- Demand response. Imagine you could use gene editing to get more of what the market is asking for, like more loin per carcass for a higher ratio of high value middle meats in beef & pork. Or let’s throw common sense to the wind – what if you could get more wings per bird? That would look pretty good in times when wings trade at $3/lb and breast meat trades at $1.
To be fair, this week’s development has no direct impact on livestock production or the milk & meat biz. Zero. It has far more implications for the field of medicine.
Yet there could be game changing
indirect benefits, since the animal-organs-for-human-transplant use case for CRISPR gene editing will force regulators to put some guardrails in place. It will also nudge the general public towards an implicit verdict on CRISPR gene editing in animals.
The beauty of the pig heart transplant is that it accelerates the broader CRISPR+livestock conversation, starting with an initial use case that is almost inarguably good for humanity.
I previously described the risks this way:
The only way CRISPR can make a meaningful impact is if both regulators and consumers embrace the technology.
- Regulators. What will the regulatory framework for CRISPR gene editing in livestock look like and who will oversee it? How will different countries approach it? For use in humans, scientists think of CRISPR having 3 different uses: to prevent disease, to treat disease, or for enhancements like making your offspring taller, smarter, stronger, etc. (Obviously there are varied opinions among the CRISPR scientific community about using it only for disease prevention & treatment to alleviate human suffering, rather than selecting for certain characteristics because we can.) Another screen, and debated distinction, is whether gene editing will impact only that patient/generation (somatic editing) or if it will impact that patient/generation and all future offspring (germline editing). If similar screens are applied in livestock, the list of possible CRISPR use cases would change.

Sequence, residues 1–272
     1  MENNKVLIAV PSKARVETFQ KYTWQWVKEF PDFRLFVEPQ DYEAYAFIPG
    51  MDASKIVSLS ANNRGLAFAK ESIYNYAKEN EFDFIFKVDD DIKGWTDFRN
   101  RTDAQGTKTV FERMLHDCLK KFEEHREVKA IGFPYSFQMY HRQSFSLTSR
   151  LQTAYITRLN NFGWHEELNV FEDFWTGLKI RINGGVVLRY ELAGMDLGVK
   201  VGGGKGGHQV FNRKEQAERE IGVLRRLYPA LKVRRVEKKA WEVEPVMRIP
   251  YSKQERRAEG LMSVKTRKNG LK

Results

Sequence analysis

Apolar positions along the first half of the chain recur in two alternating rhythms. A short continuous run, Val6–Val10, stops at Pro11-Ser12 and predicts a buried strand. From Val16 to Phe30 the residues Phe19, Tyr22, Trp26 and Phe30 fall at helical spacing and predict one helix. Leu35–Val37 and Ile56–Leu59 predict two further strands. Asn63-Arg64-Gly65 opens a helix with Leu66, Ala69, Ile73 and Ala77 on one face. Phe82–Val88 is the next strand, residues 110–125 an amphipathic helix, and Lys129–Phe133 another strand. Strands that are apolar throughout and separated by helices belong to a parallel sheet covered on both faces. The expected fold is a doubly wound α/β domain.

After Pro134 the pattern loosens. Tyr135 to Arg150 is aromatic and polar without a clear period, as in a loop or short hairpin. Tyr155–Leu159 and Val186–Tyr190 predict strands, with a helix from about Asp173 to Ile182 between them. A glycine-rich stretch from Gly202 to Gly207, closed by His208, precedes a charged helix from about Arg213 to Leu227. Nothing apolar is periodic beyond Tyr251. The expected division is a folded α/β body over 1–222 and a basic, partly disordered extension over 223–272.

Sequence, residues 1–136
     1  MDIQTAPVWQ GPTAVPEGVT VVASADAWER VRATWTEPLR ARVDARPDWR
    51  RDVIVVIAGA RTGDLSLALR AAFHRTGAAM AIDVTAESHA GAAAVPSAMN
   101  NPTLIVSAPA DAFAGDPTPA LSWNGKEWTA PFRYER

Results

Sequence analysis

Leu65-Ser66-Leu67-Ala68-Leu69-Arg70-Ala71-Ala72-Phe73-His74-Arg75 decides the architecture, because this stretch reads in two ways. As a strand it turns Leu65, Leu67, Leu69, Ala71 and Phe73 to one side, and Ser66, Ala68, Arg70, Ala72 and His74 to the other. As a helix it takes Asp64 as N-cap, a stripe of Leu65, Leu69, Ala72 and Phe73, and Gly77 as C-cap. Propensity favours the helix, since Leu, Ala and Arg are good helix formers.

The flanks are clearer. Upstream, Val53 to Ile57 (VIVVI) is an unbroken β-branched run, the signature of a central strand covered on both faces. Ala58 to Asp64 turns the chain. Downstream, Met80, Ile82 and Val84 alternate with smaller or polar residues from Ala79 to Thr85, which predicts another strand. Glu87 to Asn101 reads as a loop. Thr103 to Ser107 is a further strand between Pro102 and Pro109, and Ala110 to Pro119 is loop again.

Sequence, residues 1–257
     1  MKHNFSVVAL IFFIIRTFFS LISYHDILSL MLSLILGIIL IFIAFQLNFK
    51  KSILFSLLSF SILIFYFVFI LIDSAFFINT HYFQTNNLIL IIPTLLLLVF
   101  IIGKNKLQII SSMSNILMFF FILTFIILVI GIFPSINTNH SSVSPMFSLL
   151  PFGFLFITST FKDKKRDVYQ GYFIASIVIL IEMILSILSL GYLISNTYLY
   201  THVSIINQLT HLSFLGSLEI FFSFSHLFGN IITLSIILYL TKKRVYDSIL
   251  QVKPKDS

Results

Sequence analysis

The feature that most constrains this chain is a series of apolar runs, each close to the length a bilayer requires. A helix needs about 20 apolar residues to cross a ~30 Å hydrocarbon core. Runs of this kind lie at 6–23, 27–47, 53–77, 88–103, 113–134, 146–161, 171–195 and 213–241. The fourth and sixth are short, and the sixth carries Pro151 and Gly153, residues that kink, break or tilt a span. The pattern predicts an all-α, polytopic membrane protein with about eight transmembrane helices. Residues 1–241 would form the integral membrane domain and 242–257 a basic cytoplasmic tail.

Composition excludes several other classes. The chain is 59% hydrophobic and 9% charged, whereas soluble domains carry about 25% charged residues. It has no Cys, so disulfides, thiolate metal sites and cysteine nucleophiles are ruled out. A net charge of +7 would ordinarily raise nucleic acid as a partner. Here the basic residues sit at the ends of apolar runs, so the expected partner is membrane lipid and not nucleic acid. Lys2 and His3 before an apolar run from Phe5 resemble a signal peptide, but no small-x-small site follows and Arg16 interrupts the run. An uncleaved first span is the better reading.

- Consumers. If GMOs in plant breeding signals how CRISPR might be viewed in livestock, then the odds of widespread consumer acceptance of CRISPR editing in livestock are less than my chances of competing in the 2021 Olympics. The staggering advantages of GMO’s in crop production – less resource use per unit of production – have not satisfied the anti-GMO camp enough to offset their concerns of genetic modification. Good science has not been enough for a good outcome.
However, there’s one factor in livestock that isn’t part of the equation for crops, and that is animal welfare.
How will the risk/reward equation adjust itself if CRISPR provides ways to reduce animal disease and therefore improve animal well being?
I have to believe that the xenotransplantation use case for CRISPR will create momentum for additional CRISPR use cases that directly benefit commercial livestock producers and the broader meat industry.
So, was this heart transplant just a transplant? Or, was it a catalyst for all the ways CRISPR could change not just how we think about livestock genetics but nutrition, health, management, and more?
My hypothesis is that history will call this a catalyst for more….how much more, and on what time horizon, remain TBD.
What a time to be alive!
Beef-on-Dairy ebook available!
This ebook summarizes the Prime Future beef-on-dairy series when we looked at everything from what this trend really is, why it’s emerging so rapidly and what it really means for the industry. Here ya go: